During second grade, at the worst time of my stuttering, I could hardly get a word out without repeating it several times. In second grade it didn't seem like a big deal. My parents, on the other hand, didn't want me to develop an ongoing speech problem so I went to speech therapy. Going to that first session of therapy I imagined that the therapist would have me doing tongue push-ups in order to combat my tongue tied syndrome, or maybe whip me when I stuttered. It was petrified.
When I reached the therapy room, I walked in and discovered the therapist was a close friend's mother. I feared my friend would come to school the next day and tell everyone that I had to go do tongue push-ups with her mom. I remember very clearly what the therapist always said to me, "Ashley, don't let anyone make fun of you--your brain just works faster than your mouth can handle." I held on to that for years. It gave me a sense of pride -- my brain was faster. The therapist never tried to embarrass me but it sometimes happened anyway. When I would come in for my sessions she would pull out some kindergartner book like "The Cat in the Hat," and I would have to read it out loud.
By fourth grade my stutter was under control. This was when Mr. B became my teacher. We had to read several books that year. After reading a book we had to meet with him and talk about it. He would also ask us to read a pagein order to test our reading skills. I had read Matilda a story about a young girl that has a horrible family and an even worse school administrator. When Matilda gets scared she stutters her words slightly. He chose a page for me to read where the administrator was yelling at Matilda and she was defending herself. Instead of just saying the word, I added in a stutter. I thought he would find my creativity exceptional, but he didn't. After reading the page, Mr. B laughed and remarked, "Boy you sure have a lot of practice at those stuttered words." That comment sent my stutter back in to full force.
I became one of those kids that never wanted to talk in class. I even looked forward to my speech therapy because I didn't have to be around Mr. B. I would sit in class and not raise my hand fearing I would stutter and he would make fun of me in front of the whole class. Reading aloud in class turned into a nightmare. It seemed the harder I tried the more I stuttered. Kids would try not to notice-- but I always knew that they did.
I never told my parents about what Mr. B. said or how the stuttering gave me unwanted attention at school. I didn't like saying that I had to go to a speech therapist. When I would talk people would stare at me as the words stumbled out. It took a painfully long time for me to complete a sentence. Teachers, except for Mr. B, always tried to make me feel normal. Some tried to fill in the words that I had trouble with, but this hurt, too. I didn't want them to talk for me. After sixth grade I didn't have to go to the therapist anymore because they considered me graduated--but if anyone were to listen to my speech now it is clear I still stutter.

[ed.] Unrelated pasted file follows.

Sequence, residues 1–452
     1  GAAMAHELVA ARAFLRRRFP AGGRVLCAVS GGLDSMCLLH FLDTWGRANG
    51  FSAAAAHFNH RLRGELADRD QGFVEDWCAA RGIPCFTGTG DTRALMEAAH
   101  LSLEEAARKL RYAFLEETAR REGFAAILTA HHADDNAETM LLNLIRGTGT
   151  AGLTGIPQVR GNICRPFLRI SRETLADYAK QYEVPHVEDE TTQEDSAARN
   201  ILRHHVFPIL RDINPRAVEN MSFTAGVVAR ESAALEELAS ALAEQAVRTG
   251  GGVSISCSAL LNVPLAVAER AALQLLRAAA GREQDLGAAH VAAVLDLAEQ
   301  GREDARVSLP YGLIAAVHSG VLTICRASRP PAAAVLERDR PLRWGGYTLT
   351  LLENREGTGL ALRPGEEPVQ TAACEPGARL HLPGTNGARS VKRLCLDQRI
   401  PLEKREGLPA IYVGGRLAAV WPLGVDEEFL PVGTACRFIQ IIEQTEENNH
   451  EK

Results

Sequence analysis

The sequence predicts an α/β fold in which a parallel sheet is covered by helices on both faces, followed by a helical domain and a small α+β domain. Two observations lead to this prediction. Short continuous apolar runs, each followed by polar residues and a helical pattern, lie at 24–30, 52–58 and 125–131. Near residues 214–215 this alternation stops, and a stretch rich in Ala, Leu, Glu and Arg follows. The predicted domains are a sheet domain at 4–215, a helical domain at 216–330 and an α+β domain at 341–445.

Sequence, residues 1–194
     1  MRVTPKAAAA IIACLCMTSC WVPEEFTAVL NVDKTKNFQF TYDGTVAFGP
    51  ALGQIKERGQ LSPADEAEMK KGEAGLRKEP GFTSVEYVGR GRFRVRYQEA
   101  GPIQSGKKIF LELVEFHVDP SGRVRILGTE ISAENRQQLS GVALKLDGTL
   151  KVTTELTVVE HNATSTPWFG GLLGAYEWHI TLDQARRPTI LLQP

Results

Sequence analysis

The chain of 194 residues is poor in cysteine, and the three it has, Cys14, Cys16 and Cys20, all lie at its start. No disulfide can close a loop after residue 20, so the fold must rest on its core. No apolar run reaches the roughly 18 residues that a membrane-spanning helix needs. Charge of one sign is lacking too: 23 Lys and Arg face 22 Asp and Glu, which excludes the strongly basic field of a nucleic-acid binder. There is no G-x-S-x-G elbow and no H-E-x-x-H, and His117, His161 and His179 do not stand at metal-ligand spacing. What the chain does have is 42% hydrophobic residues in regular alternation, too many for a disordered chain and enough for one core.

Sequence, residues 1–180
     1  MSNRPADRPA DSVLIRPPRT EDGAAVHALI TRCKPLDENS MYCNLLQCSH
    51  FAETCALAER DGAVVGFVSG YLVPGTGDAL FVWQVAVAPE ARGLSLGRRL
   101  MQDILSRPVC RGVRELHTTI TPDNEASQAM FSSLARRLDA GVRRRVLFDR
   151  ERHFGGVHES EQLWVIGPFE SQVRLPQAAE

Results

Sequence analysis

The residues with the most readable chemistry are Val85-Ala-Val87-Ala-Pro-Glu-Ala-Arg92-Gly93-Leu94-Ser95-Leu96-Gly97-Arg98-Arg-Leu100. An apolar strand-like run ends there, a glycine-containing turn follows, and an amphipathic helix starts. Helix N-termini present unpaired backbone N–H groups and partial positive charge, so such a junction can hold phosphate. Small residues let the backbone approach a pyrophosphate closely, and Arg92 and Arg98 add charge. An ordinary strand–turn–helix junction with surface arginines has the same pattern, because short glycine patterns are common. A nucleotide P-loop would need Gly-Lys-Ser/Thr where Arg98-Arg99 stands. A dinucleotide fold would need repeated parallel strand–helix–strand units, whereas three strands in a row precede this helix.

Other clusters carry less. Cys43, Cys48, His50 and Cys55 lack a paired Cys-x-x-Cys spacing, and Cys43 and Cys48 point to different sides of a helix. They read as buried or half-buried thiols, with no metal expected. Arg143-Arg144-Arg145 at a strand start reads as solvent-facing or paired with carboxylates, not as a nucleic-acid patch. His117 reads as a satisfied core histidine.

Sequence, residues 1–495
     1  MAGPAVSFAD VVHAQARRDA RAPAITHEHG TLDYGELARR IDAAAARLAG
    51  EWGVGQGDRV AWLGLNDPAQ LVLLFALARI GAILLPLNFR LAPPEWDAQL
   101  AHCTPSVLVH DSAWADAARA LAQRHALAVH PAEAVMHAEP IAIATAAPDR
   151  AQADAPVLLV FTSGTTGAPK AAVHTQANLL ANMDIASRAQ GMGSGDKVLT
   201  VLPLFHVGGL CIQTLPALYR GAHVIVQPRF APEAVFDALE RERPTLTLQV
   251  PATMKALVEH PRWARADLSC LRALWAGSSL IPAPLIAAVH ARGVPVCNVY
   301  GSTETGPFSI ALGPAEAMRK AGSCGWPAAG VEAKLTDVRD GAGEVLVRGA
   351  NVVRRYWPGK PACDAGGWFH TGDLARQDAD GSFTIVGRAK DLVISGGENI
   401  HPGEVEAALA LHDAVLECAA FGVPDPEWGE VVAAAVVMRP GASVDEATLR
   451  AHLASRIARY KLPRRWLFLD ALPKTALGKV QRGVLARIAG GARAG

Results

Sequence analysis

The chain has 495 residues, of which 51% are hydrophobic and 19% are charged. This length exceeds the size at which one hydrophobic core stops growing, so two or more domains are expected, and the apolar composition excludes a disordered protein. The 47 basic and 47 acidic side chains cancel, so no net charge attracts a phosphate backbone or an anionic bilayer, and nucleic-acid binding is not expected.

The one place that the stutter always crept into was public speaking. During high school, speeches were often class requirements. I would try making note cards or practicing in front of a mirror, but when it all came down to speech time--I would stutter. After one slip up the audience just notices that the speaker has a slight problem, after two, people start to feel embarrassed for the speaker, but after three they completely lose interest in what the person is saying which makes me even more nervous
But, by the end of high school I thought I had it conquered.
When I arrived at college and my parents left me in my empty dorm room I began to unpack my belongings. Somewhere, from a deep locked cavern came the stutter; it seemed to plague me even more than before. I was scared to be away from my comforting small town and the shelter of my parents. College was so intimidating. However, after a while I got used to the idea of being on my own, made some friends and managed to get decent grades, and the stutter slowly receded. That stutter that had embarrassed me in grade school seems to follow me throughout my life. I never grew out of it like I had always hoped and it has now lingered into my adult life through fears and uncertainties. Maybe this stutter will be one of those things that fades in and out of my life, each time it visits giving me a new sense of awe in the ability to talk fluently. And perhaps someday I will not stutter even when I get excited or am frightened.